Soccer fans: Always up for a good brawl, anywhere, anytime

Among the more interesting aspects of the World Cup is the fanaticism it invokes.

As the world’s most popular sporting event – 3.2 billion people watched the last World Cup, in 2014 – it’s bound to attract a number of zealots. But often the circumstances of such passion prove more than slightly curious.

Take yesterday’s match between Poland and Senegal. One wouldn’t expect there to be too much conflict between fans of countries more than 3,000 miles apart, but, then again, this is the World Cup.

Which is why approximately four dozen Polish and Senegalese soccer fans brawled while watching a live screening of the game – in Antwerp, Belgium!

Benches and fists were thrown in the donnybrook, which occurred after an argument started.

“It got out of hand and people started throwing chairs,” bar manager Johan Peeraer told local paper Gazet van Antwerpen.

While disturbances have been rare during this year’s World Cup, certainly rarer than in past Cups, the fact that fans from an Eastern European country and an African country brawled while in a North Sea city watching a game played in Moscow is fascinating.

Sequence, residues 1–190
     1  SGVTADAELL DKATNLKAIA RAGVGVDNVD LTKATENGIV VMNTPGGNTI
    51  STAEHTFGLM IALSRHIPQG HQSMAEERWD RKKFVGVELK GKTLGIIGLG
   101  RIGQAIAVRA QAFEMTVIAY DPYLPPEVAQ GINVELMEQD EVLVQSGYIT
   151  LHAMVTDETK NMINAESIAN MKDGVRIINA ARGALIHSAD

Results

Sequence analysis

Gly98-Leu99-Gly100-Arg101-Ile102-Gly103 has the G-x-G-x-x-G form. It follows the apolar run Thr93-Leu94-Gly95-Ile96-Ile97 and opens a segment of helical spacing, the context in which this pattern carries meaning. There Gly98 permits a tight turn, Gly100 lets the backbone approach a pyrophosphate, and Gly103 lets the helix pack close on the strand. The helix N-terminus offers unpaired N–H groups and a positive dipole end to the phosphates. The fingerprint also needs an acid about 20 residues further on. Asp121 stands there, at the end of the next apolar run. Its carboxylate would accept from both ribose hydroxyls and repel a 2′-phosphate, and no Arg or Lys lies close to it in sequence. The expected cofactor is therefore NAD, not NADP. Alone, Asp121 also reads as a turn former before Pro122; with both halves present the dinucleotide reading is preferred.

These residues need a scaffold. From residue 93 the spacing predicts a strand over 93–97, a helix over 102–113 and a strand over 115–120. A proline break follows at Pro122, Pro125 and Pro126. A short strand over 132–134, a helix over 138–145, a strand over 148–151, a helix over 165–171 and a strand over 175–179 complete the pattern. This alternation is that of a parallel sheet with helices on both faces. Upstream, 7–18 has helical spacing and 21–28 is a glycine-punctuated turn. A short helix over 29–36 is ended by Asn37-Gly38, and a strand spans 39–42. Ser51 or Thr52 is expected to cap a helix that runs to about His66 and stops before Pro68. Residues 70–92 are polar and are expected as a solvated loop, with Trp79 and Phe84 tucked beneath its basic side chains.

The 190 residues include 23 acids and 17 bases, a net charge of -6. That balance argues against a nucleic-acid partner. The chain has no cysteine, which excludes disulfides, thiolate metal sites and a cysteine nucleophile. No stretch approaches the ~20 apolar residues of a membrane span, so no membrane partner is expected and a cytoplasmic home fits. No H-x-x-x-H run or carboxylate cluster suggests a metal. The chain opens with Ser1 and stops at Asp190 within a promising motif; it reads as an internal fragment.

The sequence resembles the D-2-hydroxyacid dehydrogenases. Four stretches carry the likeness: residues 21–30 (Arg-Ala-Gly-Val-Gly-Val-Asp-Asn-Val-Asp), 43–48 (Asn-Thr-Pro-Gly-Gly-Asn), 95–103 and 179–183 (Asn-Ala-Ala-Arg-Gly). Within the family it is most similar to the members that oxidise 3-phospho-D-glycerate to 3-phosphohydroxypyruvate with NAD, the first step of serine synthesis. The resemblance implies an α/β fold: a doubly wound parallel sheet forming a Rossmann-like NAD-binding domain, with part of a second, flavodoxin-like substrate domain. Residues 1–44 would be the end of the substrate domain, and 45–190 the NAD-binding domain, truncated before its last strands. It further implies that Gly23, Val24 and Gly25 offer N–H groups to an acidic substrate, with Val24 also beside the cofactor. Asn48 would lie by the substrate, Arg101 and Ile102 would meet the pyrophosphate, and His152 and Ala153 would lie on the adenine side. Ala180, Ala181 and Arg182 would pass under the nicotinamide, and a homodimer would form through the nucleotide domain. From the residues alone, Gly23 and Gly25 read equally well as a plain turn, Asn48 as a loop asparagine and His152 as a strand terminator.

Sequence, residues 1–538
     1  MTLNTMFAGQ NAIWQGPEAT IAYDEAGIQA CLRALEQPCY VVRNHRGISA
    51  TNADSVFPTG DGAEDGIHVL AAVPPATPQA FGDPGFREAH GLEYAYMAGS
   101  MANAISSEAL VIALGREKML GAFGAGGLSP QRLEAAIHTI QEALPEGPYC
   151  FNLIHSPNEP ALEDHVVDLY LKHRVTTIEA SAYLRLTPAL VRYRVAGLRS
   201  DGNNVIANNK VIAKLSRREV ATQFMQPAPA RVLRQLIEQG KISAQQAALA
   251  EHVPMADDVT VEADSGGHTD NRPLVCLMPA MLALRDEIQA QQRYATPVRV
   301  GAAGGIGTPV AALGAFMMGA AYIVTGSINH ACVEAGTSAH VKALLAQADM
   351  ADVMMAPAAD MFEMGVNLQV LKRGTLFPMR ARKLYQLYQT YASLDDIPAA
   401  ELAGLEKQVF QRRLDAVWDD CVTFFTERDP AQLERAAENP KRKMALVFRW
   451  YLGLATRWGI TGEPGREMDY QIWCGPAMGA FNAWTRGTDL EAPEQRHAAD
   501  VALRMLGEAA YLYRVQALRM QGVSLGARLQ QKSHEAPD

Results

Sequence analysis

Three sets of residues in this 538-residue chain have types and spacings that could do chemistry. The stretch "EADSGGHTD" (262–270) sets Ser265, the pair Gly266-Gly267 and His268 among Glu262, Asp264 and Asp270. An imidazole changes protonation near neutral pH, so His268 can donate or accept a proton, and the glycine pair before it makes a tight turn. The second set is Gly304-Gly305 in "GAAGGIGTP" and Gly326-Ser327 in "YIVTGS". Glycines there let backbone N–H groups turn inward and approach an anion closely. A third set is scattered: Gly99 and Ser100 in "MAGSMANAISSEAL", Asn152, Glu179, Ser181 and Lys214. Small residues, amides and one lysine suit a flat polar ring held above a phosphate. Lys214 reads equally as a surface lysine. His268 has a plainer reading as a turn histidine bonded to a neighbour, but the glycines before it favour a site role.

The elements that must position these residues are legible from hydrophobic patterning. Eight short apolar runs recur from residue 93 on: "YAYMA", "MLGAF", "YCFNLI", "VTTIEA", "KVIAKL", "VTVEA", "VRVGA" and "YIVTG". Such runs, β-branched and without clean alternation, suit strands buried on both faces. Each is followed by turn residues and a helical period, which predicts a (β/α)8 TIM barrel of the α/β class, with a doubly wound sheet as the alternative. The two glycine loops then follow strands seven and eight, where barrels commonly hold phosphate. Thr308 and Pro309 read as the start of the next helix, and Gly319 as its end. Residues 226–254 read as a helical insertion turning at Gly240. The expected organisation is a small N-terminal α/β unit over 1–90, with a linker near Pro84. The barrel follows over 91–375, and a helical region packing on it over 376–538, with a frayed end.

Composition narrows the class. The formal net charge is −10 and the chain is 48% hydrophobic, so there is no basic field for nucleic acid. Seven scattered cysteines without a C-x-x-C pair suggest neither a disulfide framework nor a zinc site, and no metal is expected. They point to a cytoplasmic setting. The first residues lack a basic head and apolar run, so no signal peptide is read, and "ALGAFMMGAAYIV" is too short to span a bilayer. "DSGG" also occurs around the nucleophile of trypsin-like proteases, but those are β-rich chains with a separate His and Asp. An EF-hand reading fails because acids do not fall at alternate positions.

I suppose it’s the equivalent of me and two dozen buddies brawling with the same number of angry Uruguayans in a cantina in Baja California while watching a Formula 1 race in San Marino. Except, this only seems to happen in soccer.

It’s almost enough to make up for the deadly boredom of the sport.

(Top: Poland and Senegal locking horns Tuesday in World Cup action.)

13 thoughts on “Soccer fans: Always up for a good brawl, anywhere, anytime

  1. My father, born in 1900, used to attend the Celtic – green shirts, Catholic – v Glasgow Rangers – blue shirts, Protestant – football matches in the inter war period.
    One end, guess which, would be singing ‘Hail Glorious Saint Patrick Dear Saint of Our Isle’ while the other would resound to ‘Toora loora Kick the Pope’.
    The referee usually had to be carried from the ground in a laundry basket to avoid the reception of frank views on his skills…the only ecumenical moment was the cry of both sets of supporters…Kill them and we’ll bury them…but there was no post match violence and certainly none on the terraces.
    No television…intelligence enough not to venture into a pub used by the opposing side’s supporters…and the acceptance that it was only a game.

    • Now that would have been something to see, the atmosphere more so than the game, though I imagine the games were spirited affairs with good play. I got a kick out of the Ranger’s fans’ cheer, but also the fact that hooliganism wasn’t apparently rare.

      I don’t know if that’s something that’s arisen with the stark nationalism of recent decades or if there are other factors behind it. Would likely make for a great sociology paper by some enterprising student/football fan.

  2. Great analogy but have to take issue with the boredom bit! Football is FAR more entertaining than watching a few cars follow each other round a track at speed.

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